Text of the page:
2. Do not put career development on hold: Many people are using this time to reflect on what they want to do in the future. Book time with your employees to discuss their career trajectories over the next 12-24 months and how the organisation can help them achieve these goals. Employees need to see and believe that you are prioritizing their development. This can also communicate that there is life after COVID-19.
  3. Think about when you are holding your meetings: Putting the needs of your employees first is key to servant leadership. Try to consistently schedule your meetings at the same time of day (daily or weekly) to help employees build a routine with their work and family, but make reasonable accommodations for their other commitments. Ask your team members about those commitments – they may not tell you unless you directly ask them.
  4. Empower your employees: Checking in with your employees regularly is harder online. Instead, give them more autonomy to make meaningful decisions. You have plenty to worry about; let your employees take work off your hands. But don’t take this too far – practice smart empowerment by giving them clear starting and endpoints, offering them the resources they need to succeed, and encouraging them to reach out to you if they need help.
  5. Behave ethically: It’s easy to turn a blind eye to bad behaviours; ethics can easily slip through the cracks during times of chaos. For a servant-leader, ethics doesn’t just mean following the law, engaging in fair practices, and avoiding discrimination. The servant-leader aspires to a higher level of morality across the organisation, treating their followers with dignity and respect.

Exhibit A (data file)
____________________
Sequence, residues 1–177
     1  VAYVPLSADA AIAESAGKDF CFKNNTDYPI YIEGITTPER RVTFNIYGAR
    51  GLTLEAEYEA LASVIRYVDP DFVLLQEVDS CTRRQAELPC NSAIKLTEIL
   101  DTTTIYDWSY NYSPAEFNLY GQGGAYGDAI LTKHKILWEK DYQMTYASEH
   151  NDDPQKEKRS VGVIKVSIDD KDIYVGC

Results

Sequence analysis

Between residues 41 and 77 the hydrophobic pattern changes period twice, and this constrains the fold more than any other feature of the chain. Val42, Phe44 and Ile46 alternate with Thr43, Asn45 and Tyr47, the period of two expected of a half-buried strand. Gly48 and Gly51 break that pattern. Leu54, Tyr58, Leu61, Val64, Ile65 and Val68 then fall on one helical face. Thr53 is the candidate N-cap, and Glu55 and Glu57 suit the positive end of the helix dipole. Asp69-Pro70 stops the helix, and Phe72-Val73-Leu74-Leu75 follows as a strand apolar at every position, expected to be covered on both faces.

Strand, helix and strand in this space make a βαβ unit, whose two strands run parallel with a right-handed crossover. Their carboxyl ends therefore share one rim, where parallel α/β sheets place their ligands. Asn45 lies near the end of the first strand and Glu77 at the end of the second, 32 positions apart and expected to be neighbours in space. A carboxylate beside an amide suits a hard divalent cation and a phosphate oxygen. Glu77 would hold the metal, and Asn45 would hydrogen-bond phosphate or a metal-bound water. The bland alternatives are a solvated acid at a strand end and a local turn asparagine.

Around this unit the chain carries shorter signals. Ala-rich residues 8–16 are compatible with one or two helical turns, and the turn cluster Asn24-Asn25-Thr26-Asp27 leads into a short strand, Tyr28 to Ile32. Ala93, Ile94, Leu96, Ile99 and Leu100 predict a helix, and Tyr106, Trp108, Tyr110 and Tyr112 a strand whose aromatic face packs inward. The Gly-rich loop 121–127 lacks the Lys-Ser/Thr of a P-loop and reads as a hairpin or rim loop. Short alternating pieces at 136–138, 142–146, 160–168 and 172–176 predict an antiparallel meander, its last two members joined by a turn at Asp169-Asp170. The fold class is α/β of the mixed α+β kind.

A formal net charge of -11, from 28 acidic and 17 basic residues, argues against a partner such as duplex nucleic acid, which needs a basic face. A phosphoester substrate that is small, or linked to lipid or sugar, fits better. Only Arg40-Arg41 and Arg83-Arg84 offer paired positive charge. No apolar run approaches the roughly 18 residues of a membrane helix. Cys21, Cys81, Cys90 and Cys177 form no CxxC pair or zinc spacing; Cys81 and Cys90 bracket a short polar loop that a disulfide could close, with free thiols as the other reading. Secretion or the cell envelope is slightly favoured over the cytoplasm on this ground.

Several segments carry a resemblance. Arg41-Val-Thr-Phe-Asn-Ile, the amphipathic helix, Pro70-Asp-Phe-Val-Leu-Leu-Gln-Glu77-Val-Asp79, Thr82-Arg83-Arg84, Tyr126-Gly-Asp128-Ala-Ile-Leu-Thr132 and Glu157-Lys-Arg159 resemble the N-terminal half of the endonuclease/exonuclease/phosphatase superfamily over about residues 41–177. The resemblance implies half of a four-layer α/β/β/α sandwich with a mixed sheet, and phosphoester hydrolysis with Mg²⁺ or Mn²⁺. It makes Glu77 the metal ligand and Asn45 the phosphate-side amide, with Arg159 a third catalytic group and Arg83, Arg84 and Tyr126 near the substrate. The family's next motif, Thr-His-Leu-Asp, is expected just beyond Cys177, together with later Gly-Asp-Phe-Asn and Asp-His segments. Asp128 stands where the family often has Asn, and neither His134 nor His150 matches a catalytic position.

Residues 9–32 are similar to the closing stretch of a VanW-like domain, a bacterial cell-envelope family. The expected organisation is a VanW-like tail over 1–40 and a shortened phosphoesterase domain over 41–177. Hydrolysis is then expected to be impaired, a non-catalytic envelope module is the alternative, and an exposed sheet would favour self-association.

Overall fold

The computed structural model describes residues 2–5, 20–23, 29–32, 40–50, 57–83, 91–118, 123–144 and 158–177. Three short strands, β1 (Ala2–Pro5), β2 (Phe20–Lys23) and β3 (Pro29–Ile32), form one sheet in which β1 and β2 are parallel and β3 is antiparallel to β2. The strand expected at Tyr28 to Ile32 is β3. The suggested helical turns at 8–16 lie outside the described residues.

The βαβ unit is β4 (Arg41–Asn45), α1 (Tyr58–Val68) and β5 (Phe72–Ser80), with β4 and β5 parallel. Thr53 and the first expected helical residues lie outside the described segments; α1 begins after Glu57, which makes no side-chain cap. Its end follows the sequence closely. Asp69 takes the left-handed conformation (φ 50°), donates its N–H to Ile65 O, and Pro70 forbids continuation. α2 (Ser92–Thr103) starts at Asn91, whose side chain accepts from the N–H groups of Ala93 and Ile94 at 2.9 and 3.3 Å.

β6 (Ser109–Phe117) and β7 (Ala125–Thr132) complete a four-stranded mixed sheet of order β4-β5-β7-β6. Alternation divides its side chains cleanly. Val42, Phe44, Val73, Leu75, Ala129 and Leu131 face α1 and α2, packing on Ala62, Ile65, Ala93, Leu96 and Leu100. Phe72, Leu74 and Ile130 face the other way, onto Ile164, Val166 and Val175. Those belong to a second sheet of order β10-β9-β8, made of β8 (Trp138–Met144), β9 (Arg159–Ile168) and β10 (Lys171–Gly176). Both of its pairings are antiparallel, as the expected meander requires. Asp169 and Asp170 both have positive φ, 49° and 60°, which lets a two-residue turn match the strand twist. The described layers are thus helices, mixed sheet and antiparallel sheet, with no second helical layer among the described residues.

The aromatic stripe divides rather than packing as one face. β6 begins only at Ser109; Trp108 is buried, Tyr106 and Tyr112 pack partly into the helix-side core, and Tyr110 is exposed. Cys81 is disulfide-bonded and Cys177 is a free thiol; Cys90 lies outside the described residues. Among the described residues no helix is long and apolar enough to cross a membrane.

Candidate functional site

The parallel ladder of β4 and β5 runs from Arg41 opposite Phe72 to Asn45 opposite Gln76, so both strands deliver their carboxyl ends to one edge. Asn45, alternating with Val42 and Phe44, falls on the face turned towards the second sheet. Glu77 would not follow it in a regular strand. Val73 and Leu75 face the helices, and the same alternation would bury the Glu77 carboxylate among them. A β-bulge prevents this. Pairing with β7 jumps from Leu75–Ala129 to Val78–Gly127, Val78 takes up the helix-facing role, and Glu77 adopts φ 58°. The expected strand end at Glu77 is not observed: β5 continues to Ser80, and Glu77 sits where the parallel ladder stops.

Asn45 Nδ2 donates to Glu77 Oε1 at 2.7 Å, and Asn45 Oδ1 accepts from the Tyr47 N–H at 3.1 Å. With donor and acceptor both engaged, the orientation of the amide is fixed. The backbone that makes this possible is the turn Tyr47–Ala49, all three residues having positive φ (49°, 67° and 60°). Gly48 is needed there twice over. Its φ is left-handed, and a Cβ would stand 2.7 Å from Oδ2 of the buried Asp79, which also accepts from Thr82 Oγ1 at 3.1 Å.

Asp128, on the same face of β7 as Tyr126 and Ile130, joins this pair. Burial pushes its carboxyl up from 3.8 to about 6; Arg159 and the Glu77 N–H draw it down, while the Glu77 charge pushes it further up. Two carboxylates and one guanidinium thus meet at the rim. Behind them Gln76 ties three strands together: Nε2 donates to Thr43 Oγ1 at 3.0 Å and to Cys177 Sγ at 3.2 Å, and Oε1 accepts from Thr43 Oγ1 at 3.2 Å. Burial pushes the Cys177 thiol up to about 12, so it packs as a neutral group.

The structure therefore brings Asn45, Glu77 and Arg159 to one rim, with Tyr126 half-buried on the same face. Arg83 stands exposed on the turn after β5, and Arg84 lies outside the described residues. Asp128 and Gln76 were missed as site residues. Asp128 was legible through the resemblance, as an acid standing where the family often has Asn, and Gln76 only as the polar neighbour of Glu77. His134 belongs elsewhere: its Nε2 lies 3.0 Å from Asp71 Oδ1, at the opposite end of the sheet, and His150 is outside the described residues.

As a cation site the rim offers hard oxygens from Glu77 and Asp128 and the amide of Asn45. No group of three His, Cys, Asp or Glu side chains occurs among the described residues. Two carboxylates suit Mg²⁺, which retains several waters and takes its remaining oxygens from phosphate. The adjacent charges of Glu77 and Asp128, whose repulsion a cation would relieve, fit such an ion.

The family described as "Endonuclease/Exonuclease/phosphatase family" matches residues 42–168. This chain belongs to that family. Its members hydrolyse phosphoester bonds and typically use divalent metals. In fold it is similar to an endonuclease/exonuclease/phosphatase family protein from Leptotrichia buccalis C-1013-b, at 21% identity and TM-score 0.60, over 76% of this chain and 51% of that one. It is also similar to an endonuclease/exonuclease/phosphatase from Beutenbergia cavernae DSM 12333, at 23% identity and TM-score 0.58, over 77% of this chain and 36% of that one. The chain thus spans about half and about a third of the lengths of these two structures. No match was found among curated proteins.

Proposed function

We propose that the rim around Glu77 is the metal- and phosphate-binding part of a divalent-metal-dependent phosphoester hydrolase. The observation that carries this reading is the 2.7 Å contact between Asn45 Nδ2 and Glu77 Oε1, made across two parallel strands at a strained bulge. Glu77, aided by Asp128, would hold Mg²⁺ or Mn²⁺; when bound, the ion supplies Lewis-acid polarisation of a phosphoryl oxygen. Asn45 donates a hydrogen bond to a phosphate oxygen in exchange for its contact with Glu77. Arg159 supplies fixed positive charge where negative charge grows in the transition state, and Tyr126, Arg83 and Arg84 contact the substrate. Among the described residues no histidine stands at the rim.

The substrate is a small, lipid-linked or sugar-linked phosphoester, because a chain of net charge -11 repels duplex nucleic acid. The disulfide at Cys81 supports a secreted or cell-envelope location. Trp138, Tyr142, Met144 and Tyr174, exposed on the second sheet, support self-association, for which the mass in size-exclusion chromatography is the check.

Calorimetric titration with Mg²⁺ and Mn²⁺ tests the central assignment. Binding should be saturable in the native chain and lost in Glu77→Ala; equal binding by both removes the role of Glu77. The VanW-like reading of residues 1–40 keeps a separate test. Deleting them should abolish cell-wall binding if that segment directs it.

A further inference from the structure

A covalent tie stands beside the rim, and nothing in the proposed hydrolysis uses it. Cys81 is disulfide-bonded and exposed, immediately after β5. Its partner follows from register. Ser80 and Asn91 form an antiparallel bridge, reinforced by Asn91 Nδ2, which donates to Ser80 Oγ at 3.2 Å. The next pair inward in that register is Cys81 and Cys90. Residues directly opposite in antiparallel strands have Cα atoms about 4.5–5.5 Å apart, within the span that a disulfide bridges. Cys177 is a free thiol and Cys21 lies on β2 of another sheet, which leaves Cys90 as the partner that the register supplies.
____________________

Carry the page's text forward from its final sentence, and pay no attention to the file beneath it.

6. Remember your community: A core tenet of servant leadership is keeping the community in mind, and making sure followers understand what the organisation and team are doing to make the world a better place. Employees are more motivated when they see their work as meaningful. This is a conversation worth having with your followers: is there some way your work is helping others? Is there a way, no matter how small, that your work helps people during the COVID-19 crisis?
  7. Demonstrate conceptual skills: The challenge for leaders is to prioritize others while improving business performance. The best leaders learn as much as they can about both what the business is doing, and what new challenges and opportunities might arise in the environment next. Are you proactively in contact with your leaders and the decisions they are making that impact your team? Are you discussing complex situations with your team openly so that you can best plan together for what comes next?


Want to learn more? Click here for a deeper dive with more information on servant leadership, the evidence for its impact on organisational performance, and how you can implement it in your team or organisation.